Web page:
The second season of CBC’s Sort Of launches Nov. 15. In it, a 50-something-year-old Pakistani Muslim woman named Raffo, yearning to finally act on her own desires, takes a dance class to rekindle a passion from her youth. This dance love is something actor and dancer Ellora Patnaik says she can certainly relate to. Patnaik will be appearing as Raffo in next week’s Season 2 launch next to co-stars Bilal Baig, Amanda Cordner, Kaya Kanashiro and Supinder Wraich.
The Dance Current’s Winter 2023 issue guest editor, Swadhi Ranganee, sat down with Patnaik to talk about her background in Odissi dance, her journey to becoming an artist and how she resonates with Sort Of‘s universal themes of love and transition as well as Raffo’s spirit of never giving up.
Swadhi Ranganee: I want to start by talking about your roots in Indian classical dance, the seeds of your artistic life. What [was] your childhood like in dance?
Ellora Patnaik: Well, my mom grew up as a dancer. She had experience with Odissi, with kathak, with Kuchipudi, Manipuri – she had a little bit of everything, but mostly Odissi. Then she grew up, got married, came over here [and] started working in a bank. I love telling this story because I love my mother’s story. My dad didn’t know that she grew up with dance being such a big part of her life. They were at some local show and somebody was dancing onstage, and my mom was just silently watching and the tears were rolling down her face. And my dad looks over and he goes, ‘Why are you crying?!’ She told him and he was like, ‘Well you have to do this!’ At that time, it’s actually quite impressive, I think, that my dad was so supportive – he’s also a huge lover of the arts. So she performed at a local program and everybody was like, ‘Well, you need to start a school! You’ve got to teach! The kids need culture.’ As much as immigrants came over in the ’60s and the ’70s, they also missed home. It’s a huge adjustment for them. So she started a school.
And then I came along, and I kind of just followed her footsteps. And so did my brother. I was into dancing and acting. With all Indian classical dance, there’s the storytelling part of it, the abhinaya, and then the abstract part, the nritta part. And I was always just an expressive kid.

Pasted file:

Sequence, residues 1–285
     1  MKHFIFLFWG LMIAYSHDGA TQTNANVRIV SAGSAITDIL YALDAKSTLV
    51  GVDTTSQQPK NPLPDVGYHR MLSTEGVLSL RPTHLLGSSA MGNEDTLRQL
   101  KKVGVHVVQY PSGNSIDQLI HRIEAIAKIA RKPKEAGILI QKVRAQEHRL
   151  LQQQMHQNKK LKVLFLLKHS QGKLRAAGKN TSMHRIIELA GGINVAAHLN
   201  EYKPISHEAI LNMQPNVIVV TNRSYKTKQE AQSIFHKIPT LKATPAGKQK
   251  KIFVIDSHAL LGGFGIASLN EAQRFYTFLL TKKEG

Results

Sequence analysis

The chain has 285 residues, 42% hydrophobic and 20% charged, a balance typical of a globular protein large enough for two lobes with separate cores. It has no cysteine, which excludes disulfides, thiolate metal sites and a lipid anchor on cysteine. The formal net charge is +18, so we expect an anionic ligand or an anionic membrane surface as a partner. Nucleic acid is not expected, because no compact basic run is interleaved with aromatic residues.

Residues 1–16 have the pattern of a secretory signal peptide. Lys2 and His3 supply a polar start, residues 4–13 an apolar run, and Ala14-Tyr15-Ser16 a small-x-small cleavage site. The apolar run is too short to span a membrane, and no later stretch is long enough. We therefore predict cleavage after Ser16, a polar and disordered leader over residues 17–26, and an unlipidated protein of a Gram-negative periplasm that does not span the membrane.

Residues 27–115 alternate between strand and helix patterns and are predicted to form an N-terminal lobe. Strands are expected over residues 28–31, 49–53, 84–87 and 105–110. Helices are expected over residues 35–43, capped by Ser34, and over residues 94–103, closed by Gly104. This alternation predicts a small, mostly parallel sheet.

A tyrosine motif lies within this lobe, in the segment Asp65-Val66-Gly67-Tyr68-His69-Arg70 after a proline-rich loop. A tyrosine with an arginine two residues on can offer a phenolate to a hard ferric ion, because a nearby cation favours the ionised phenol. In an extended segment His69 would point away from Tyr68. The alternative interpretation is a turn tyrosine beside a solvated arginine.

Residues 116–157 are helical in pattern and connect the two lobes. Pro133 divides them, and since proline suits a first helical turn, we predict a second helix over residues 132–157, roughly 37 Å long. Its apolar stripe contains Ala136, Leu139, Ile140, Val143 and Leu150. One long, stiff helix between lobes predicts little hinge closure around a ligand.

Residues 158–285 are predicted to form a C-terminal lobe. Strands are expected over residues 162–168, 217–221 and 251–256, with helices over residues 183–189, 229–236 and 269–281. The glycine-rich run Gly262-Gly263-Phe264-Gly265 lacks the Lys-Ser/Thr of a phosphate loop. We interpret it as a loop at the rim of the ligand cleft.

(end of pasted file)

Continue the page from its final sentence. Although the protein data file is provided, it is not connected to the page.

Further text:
So my mother opened the academy in her name, called the Chitralekha Dance Academy. And then my brother founded the company called Chitralekha Odissi Dance Creations. We had so many beautiful students. We would be doing productions every year. So I got experience not just performing but teaching and choreography, and directing and producing our shows, and that’s how I helmed dance in my life.
I was also going back and forth to India because, once I reached a certain level, Ma sent me to her gurus in Orissa. I would go often to learn from Guru Kelucharan Mohapatra, my grandfather guru – also Guru Gangadhar Pradhan, Guru Pankaj Charan Das, also Smt. Sanjukta Panigrahi. I’m mentioning all my gurus because, you know, it’s wonderful to be talking about it.
SR: Oh, that’s so good to hear. I know, we always feel the need to honour our teachers, especially in South Asian classical traditions.
EP: Oh, you’re a classical dancer too?
SR: I’m a Sinhalese dancer, traditional Kandyan and low-country style from Sri Lanka. I’m also at this stage in my life where I’m ready to go [to Sri Lanka] and train.
EP: Oh, it’s like no other experience. Learning here is one thing, in North America, but the environment, the feeling of being there. You can feel the salt in the air on the coast of Orissa; it’s a feeling like no other. Even though I’m born here, just getting off the plane, you just feel this sense of… I don’t know. It’s like these ancestral roots that we have there, this instinct that feels so familiar and so comforting.
SR: How long did you spend [in India]? When did you start going?
EP: It was towards the end of high school. We would do the usual ‘family vacay,’ and then on those trips, I was introduced to the artistic side of my mother, meeting her gurus and going to programs, just soaking it in. And I was just fixated on the Orissa Dance Academy. Our Chitralekha Dance Academy became a branch of the Orissa Dance Academy. My mom and Guru Gangadhar Pradhan sort of collaborated to make it, so our curriculum here is how it was taught at the Orissa Dance Academy. So I would start with the summers. And [Guru Kelucharan Mohapatra] saw me and he was like, ‘Well, you could become a veterinarian or… ?!’ And my mom was like, ‘He wants to teach you!’ And I’ve always said, You can’t say no to that! So I didn’t go to college right away. That shifted, and my world was just dance, dance, dance. I spent about a year and a half there in the Research Centre. And then after that, I was just going on my own, like every year.
When I came back from India after that study period of intense Odissi training, I was broke. I ended up doing this audition for the American Academy of Dramatic Arts with a friend of mine – I was just like, ‘Sure, I’ll audition, whatever’ – and we both got accepted. So then dance came along on the ride of my acting career.